Frankie Andreu and an unnamed ex-Postie admitted their EPO use to the New York Times. While most people are focusing on the larger implications of this news on the sport, I really just want to know who the second guy is. I know trying to "out" people is kind of impolite, but eh...
Anyway, here's the 1999 Postal TdF Roster, complete with odds and scouting report:
ARMSTRONG, Lance (USA). 0:1. With millions (and I mean millions) of dollars on the line, Lance isn't going to rat himself out. The Texan is so stubborn that even if he did take drugs way back when, he'd have no problem convincing himself now that he was clean all along.
ANDREU, Frankie (USA). 1:1. Good on you for coming clean. But the time to do it was in 1999.
DERAME, Pascal (FRA). 100:1. Would the Times be able to track down an old French cyclist? Or, conversely, would an old French cyclist be able to speak to the Times? I mean, this was all I could find on Derame - and it describes Tyler Hamilton as "not really [a] climber".
HAMILTON, Tyler (USA). 1,000,000,000:1. Tyler continues to swear on the grave of his dog that he would never endanger his wife's life by doping.
HINCAPIE, George (USA). 50:1. Though the anonymous rider has a "job in cycling", I have a hard time believing an active cyclist would confess, seeing as the always-progressive WADA punishes an unsolicited confession like a positive test. George has always been very close to Lance, around for all seven Tour wins, and pretty consistent with his peformances (his climbing improved through the years, but gradually).
LIVINGSTON, Kevin (USA). 3:1. Here's my favorite - former Lance friend, split for more money at Telekom, rattled oddly between pack fodder and top-flite mountain domestique, quit cycling after something of a burn out, but is still involved with the sport. Lance claimed to have squashed any beef between them over beers in It's Not About the Bike, but I think it's no coincedence Livingston's always in his Telekom kit in promotional photos.
MEINERT-NIELSEN, Peter (DEN). 75:1. Same problems here as Derame, though I knock Meinert-Nielsens odds down because he's continued to be involved in cycling. Also, as a Northern European, he's more likely to speak English, but I still don't see an NYT reporter being aware that he exists.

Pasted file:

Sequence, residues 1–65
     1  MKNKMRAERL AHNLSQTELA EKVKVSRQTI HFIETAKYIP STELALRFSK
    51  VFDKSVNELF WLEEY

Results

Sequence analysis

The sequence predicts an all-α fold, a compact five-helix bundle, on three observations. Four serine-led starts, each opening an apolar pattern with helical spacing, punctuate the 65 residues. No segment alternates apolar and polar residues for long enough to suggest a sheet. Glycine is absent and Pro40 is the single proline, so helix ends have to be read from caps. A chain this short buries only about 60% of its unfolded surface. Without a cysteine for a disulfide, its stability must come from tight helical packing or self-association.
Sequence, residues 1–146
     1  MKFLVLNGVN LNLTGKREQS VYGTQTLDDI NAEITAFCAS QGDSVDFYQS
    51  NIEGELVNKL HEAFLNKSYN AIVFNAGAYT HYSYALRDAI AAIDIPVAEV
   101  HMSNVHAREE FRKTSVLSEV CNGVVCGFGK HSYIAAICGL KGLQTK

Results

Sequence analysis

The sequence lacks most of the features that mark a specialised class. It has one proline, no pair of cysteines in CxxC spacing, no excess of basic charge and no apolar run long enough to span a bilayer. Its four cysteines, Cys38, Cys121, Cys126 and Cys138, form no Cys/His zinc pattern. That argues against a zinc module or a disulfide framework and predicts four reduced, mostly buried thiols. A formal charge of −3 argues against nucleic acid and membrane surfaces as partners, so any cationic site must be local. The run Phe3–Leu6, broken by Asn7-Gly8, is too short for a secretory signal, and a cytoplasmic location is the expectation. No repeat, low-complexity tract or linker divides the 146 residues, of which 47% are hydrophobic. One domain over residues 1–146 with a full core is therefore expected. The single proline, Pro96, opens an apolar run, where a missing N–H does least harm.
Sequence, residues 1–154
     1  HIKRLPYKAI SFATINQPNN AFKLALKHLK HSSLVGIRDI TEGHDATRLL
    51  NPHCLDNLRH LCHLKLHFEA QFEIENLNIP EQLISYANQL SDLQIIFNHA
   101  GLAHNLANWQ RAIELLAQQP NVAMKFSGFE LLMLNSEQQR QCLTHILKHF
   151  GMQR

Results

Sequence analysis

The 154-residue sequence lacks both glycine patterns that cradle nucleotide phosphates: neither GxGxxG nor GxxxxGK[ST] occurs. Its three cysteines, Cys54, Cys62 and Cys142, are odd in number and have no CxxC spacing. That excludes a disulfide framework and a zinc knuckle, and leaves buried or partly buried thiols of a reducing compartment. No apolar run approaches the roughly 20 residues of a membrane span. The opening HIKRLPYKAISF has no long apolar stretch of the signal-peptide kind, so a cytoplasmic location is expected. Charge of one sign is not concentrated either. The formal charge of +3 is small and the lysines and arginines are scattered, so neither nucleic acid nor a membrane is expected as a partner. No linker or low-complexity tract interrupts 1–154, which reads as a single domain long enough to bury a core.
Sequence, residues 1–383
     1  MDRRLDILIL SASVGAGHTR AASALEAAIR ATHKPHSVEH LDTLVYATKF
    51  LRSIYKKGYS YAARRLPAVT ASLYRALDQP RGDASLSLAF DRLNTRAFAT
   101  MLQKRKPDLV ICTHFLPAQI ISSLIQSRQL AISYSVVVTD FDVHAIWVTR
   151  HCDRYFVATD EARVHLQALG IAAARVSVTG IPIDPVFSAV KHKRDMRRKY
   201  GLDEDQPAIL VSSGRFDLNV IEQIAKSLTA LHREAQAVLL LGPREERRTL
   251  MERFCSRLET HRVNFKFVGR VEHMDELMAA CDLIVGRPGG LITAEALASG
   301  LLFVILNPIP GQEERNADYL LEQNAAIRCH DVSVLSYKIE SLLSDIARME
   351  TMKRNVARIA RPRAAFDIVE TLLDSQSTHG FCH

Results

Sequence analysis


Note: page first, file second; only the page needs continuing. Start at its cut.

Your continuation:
VANDEVELDE, Christian (USA). 25:1. Again, I think it's unlikely an active rider would confess, though CVV gets tighter odds for being a candid diarist. In a sport as tight-lipped and constricted as Lance Armstrong's War portrays, a willingness and a desire to share your life with other people certainly stands out. Though it's no guarantee of a willingness to confess, both admitted/reformed doper David Millar and Andreu himself kept diaries at some point.
VAUGHTERS, Jonathan (USA). 5:1. If there's anyone whose cycling job won't let him admit doping, it's JV. Vaughters also allegedly discussed doping regimens with Andreu on the internet, and as his presence at TIAA-CREF indicates, he's deeply invested in the future of the sport (a motivating factor for Andreu's admission). But JV has gone on record as saying he saw no dope evidence at Postal (though this bit hardly resounds with confidence), and at any rate, Vaughters' naturally-high hematocrit would severely limit his gains from EPO use.
So that's how I see it. Smart money's on the recent American retirees, while CVV's the Dark Horse. If your name's Homer Simpson and you're looking for a Merry Christmas, place your bets on the Euros, and if you own the track and are looking to launder some cash, Tyler Hamilton's the man for you.